Date of Award


Degree Type

Major Paper

Degree Name

Master of Arts in Marine Affairs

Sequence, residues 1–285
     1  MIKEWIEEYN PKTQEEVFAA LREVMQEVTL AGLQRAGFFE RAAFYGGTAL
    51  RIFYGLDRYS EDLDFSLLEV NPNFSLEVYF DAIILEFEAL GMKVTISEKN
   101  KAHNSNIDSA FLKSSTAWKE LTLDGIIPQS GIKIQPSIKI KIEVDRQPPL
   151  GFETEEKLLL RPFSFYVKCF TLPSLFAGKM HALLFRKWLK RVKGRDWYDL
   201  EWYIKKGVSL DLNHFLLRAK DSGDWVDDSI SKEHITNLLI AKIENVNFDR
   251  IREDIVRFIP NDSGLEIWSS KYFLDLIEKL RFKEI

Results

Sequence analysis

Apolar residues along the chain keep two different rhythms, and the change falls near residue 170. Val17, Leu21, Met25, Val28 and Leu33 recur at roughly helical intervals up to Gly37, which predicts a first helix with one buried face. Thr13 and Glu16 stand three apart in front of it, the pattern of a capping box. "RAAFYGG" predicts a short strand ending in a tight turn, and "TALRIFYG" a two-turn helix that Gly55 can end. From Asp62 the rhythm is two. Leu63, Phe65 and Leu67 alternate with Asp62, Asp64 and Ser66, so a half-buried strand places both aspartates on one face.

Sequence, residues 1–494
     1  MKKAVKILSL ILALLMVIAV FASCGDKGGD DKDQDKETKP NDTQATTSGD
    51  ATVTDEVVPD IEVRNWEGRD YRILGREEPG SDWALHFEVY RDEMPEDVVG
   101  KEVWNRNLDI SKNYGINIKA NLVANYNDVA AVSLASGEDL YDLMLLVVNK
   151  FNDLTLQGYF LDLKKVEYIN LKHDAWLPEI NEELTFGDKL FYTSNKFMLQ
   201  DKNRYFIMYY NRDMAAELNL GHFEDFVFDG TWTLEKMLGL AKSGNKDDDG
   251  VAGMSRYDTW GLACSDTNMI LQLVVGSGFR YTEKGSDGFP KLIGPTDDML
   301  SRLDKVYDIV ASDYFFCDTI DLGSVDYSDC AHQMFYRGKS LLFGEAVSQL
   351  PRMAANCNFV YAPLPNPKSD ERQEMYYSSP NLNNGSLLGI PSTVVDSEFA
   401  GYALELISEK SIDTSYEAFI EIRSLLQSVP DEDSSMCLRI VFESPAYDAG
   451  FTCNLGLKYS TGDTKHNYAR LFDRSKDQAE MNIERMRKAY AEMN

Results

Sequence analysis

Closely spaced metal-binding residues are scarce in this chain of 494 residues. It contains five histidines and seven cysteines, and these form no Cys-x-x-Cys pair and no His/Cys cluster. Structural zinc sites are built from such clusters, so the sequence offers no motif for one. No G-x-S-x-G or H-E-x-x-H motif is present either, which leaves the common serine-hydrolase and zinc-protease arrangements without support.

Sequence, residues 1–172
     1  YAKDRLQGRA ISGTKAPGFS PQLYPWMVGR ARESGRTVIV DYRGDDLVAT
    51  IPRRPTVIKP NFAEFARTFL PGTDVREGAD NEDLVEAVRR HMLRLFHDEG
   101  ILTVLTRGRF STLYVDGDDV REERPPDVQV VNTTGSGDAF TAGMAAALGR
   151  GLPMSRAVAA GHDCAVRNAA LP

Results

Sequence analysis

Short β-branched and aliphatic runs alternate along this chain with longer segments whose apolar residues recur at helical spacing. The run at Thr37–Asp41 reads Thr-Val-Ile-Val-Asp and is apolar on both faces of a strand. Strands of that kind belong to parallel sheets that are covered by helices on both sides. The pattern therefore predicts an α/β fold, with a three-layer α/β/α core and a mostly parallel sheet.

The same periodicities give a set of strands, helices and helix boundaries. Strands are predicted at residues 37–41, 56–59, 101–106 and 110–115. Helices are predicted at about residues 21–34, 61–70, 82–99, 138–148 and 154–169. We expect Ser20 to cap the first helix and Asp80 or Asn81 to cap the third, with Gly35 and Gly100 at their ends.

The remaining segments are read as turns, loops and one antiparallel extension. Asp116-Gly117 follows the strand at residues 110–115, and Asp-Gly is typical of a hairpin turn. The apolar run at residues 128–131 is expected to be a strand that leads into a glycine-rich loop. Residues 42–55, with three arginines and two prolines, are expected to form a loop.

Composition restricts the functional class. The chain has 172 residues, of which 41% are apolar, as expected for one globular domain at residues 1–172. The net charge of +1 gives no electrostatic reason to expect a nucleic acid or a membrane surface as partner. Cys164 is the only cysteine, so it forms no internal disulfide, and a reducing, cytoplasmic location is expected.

One of the goals of the Fishery Conservation and Management Act of 1976 was the rebuilding of the American fishing industry. However, the Act does not give the U.S.fisherman exclusive rights to the fishery resource. The American fisherman will still be competing with the foreign fleets. Section 204 (b) (1) of the Fishery Conservation and Management Act of 1976. states: Each foreign nation with which the United States has entered into a governing international agreement shall submit an application to the Secretary of State each year for a permit for each of its fishing vessels to engage in fishing described in subsection (A). It appears, therefore, that there will be a few gates in this wall. Who comes through these gates will be determined by the State Department, the Regional Councils, and the Secretary of Commerce. However, the size of the gates will be determined by the Regional Councils as provided under the provisions of Section 303 subsection 4(B). Any fishery management plan which is prepared by any council, or by the Secretary, with respect to any fishery shall assess and specify the capacity and the extent to which fishing vessels of the United States, on an annual basis, will harvest the optimum yield specified under paragraph 3 and the portion of such optimum yield which, on an annual basis, will not be harvested by fishing vessels of the United States and can be made available for foreign fishing. For the first year of this Act, the Department of Commerce, with the help of its National Marine Fisheries Branch, will establish the optimum yield and whether or not there will be surpluses available to the foreign fleets.Therefore, for the first year the government will decide the size of the gate and to whom to sell tickets. We, therefore, come to the process of establishing a ticket price at the gate.